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South Africa: First apples to China
Royal Beaut apples are packed and approved by the National Department of Agriculture, Forestry and Fisheries for exports to China.
Thomas Mouton, manager of apple and pear marketing at Core Fruit, sees the opening of the market as a huge breakthrough for the South African apple industry: “The Chinese market not only promises to reward producers well for good quality, but will also help to diversify our markets. It has the potential to grow significantly over the next few years and serve as a springboard to other Eastern countries.”
Quantifying or qualifying the market is difficult. “So far it seems that there is especially a good demand for Royal Beaut, Fuji and Granny Smith apples in China, but it is all new territory so it’s too early to estimate the real demand or market potential,” Mouton said.
The South African Apple and Pear Producers’ Association (SAAPPA) is over the moon about the opening of the Chinese market to South African apples, as it has taken more than eight years for South Africa to negotiate market access to China. The Department of Trade and Industry and the Department of Agriculture, Forestry and Fisheries have done a sterling job in opening this market for us, according to Nicholas Dicey, Chairman of SAAPPA.
Photo left: Louis Gilliomee (left) and Fanna du Toit of Core Fruit ensure the quality of the Royal Beaut apples that will be exported to China is right. The Chinese demands large apples of deeper colours than what most of our traditional markets demand.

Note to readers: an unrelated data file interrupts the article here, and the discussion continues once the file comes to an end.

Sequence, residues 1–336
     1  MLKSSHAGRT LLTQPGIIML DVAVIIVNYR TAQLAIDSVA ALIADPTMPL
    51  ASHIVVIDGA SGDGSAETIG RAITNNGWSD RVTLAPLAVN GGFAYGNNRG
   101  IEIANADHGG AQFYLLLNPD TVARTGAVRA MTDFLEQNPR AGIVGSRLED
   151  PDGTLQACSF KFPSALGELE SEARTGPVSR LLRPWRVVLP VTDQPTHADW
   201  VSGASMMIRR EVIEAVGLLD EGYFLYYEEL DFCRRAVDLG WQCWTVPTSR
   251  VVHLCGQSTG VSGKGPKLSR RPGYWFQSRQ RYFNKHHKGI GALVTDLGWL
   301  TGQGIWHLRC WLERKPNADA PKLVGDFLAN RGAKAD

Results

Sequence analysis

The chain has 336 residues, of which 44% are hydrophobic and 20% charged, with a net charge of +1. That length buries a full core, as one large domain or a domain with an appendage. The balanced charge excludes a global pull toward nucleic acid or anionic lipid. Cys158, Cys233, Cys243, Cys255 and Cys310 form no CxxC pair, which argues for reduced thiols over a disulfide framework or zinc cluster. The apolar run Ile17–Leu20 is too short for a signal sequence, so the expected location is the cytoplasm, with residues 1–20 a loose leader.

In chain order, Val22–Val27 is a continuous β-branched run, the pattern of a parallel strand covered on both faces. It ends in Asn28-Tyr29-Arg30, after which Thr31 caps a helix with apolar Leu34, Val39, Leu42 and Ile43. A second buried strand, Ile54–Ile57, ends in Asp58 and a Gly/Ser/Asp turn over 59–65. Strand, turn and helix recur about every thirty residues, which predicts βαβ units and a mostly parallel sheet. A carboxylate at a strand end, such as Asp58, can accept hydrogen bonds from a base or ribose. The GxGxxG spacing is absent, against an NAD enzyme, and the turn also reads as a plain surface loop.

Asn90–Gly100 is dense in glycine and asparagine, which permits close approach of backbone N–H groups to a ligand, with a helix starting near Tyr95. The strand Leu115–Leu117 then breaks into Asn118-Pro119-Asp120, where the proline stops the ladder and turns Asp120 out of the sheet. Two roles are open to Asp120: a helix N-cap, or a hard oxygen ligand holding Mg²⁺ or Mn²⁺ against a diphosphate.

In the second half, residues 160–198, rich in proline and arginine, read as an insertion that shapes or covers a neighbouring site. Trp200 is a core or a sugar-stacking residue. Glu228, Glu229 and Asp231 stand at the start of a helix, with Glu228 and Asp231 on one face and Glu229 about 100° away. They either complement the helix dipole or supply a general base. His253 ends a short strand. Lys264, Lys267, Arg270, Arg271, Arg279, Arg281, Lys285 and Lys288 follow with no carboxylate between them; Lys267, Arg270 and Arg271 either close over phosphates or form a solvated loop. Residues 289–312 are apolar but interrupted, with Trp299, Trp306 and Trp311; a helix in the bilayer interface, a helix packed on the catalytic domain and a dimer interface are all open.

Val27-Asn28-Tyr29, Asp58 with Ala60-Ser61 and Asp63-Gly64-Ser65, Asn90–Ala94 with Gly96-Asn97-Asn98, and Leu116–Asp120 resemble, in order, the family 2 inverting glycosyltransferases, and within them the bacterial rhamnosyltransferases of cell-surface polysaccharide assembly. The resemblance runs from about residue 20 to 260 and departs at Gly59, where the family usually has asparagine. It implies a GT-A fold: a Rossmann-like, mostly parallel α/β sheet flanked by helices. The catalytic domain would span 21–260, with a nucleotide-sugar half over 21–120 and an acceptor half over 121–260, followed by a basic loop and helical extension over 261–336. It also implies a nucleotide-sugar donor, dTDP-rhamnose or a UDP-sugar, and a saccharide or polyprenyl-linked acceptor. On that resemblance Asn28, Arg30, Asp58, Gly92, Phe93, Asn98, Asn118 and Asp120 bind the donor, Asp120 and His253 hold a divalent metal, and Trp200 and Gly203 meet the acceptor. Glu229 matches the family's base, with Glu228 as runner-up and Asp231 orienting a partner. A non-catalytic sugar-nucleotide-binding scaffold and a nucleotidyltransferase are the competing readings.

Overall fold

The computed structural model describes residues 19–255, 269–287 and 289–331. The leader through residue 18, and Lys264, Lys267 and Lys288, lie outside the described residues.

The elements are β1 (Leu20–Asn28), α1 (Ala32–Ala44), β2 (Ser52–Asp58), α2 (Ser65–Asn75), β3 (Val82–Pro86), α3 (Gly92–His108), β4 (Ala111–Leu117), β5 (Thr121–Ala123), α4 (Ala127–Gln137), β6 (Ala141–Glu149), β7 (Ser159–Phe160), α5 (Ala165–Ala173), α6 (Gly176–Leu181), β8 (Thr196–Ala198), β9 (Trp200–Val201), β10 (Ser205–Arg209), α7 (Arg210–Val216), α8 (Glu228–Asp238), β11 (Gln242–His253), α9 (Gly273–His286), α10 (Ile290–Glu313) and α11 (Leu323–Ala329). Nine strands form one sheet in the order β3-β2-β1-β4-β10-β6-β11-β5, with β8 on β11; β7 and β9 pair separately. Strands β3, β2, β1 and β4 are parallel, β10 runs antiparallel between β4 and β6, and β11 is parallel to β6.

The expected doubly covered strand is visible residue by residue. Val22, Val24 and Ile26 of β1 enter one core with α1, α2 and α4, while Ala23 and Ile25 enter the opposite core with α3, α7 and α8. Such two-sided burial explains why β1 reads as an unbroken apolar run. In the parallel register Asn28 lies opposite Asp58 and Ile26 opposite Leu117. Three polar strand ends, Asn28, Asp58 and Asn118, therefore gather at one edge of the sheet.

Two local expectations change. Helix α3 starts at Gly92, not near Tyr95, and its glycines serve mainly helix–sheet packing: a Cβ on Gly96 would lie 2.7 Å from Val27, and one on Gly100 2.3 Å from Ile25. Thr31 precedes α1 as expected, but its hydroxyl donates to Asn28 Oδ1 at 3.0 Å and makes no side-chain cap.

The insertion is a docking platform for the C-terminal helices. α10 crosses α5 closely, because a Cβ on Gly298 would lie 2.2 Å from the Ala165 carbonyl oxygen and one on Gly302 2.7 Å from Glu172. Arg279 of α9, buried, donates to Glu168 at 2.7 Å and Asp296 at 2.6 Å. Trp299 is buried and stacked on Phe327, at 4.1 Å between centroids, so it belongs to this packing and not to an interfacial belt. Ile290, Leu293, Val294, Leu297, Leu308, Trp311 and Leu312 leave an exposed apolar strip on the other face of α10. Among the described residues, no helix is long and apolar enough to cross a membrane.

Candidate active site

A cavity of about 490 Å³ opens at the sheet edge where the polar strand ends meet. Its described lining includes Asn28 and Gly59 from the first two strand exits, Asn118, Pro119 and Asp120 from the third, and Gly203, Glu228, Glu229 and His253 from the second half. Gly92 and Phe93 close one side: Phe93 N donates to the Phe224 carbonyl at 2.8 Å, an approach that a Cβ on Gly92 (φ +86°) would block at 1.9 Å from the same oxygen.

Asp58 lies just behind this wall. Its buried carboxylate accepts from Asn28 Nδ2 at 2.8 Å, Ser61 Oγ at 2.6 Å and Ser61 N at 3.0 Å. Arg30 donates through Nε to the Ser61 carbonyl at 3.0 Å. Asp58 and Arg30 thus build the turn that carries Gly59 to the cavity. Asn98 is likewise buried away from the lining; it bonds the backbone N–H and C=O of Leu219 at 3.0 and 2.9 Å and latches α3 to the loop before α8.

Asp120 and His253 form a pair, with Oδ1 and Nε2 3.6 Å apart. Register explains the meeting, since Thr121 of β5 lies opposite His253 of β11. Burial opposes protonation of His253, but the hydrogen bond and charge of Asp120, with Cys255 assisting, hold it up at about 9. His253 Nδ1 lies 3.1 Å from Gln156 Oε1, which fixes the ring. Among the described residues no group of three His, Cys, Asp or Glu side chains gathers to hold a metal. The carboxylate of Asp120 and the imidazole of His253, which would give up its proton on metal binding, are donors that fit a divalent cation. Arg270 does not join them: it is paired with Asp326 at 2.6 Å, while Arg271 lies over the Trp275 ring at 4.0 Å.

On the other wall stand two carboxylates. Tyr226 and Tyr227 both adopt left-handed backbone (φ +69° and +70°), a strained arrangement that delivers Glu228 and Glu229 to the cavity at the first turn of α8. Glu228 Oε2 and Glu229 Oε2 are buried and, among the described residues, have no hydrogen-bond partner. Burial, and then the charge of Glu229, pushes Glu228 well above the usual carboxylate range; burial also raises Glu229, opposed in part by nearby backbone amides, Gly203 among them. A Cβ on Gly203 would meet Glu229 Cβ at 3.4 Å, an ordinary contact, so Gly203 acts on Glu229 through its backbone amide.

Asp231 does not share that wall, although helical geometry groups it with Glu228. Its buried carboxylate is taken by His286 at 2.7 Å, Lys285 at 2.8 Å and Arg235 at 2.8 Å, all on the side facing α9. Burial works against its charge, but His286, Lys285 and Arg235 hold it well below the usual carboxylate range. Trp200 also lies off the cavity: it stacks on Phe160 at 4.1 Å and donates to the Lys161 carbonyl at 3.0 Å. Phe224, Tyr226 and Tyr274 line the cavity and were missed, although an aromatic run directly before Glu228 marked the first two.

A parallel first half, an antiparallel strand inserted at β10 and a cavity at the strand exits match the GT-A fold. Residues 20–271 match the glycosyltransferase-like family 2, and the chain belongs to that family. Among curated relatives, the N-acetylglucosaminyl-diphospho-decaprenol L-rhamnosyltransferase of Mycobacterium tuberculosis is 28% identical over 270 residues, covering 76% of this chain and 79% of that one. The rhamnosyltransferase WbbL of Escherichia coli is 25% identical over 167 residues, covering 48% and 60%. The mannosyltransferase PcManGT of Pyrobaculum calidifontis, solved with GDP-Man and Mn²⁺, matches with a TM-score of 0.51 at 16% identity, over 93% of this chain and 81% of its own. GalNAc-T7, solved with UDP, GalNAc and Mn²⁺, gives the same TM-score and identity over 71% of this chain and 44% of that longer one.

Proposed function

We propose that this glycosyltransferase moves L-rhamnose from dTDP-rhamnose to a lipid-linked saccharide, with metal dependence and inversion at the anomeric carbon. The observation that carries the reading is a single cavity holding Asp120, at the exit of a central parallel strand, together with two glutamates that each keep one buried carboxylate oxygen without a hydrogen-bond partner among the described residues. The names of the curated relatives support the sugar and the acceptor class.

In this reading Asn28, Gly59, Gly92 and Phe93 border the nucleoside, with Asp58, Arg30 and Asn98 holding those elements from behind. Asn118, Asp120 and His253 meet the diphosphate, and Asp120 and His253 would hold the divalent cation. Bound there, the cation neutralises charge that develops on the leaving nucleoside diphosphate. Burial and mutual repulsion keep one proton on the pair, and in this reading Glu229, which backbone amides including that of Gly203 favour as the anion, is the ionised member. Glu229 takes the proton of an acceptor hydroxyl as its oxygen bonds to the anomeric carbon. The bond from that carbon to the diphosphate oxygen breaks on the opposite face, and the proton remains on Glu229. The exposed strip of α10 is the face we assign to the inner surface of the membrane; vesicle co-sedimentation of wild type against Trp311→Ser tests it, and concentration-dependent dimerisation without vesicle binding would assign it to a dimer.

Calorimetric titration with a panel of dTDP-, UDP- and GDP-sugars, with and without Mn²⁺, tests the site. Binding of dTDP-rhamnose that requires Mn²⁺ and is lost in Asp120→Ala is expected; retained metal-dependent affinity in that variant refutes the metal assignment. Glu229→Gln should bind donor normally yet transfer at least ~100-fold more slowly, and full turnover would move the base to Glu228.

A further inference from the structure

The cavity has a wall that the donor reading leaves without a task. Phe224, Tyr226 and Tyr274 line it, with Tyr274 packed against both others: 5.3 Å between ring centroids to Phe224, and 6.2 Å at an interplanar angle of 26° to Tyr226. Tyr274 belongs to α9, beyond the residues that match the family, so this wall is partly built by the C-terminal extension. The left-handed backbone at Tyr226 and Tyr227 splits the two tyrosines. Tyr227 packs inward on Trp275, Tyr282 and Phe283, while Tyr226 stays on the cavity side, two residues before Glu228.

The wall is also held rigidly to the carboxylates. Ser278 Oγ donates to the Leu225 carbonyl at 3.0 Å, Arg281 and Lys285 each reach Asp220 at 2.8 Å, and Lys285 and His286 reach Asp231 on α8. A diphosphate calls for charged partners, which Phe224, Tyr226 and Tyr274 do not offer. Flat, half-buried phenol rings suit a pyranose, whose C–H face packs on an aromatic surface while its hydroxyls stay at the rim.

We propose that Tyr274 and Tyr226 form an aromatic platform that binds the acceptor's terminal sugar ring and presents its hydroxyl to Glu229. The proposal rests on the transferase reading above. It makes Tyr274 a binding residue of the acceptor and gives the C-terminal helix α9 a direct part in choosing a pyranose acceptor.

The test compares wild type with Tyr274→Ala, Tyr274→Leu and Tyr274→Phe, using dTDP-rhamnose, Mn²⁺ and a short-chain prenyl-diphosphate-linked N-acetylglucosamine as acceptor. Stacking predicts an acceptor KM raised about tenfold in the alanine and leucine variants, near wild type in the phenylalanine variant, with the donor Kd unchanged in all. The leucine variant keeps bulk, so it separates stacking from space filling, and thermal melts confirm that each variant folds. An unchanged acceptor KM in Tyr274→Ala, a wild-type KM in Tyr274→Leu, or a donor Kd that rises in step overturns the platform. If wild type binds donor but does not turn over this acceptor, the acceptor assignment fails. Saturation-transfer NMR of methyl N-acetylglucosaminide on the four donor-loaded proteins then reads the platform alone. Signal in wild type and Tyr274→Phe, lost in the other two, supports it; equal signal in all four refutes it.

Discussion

Photo right: (from left to right) Adelaide Madavha and Francois Moller of the National Department of Agriculture, Forestry and Fisheries, together with Louis Giliomee and Fanna du Toit of Core Fruit and Jacques du Preez of Hortgro, proudly look at the cartons of Royal Beaut apples that have been approved for the first exports of South African apples to China.
China is of strategic importance to the growth of the apple industry and in effect the South African economy, according to him. “The maintenance of traditional markets and development of new markets is of critical importance to us, so that we can maintain our position as one of the largest apple exporters in the world and stay ahead of other apple producing countries. This on the other hand is important for the implementation of sustainable land reform and transformation, as well as the creation of job opportunities, especially in rural communities.”
The trade agreement should fast track market access to China for other fruit, such as pears and stone fruit. “Negotiating market access for other fruit should be easier, since we have been through the ropes and now have a better understanding of the market requirements and who to deal with during negotiations,” Dicey said.
Dicey is optimistic about the future for apples in the Chinese market. “The Chinese market is different from our traditional markets, such as Europe and the United Kingdom, but South African producers are highly adaptable and will soon be able to adapt to these new market requirements. We have already proved this in other countries, such as in Africa, which has now become our biggest export destination, as well as in the Middle East and in Russia.”
For more information:
Jacques du Preez
Tel: +27 082 864 8149
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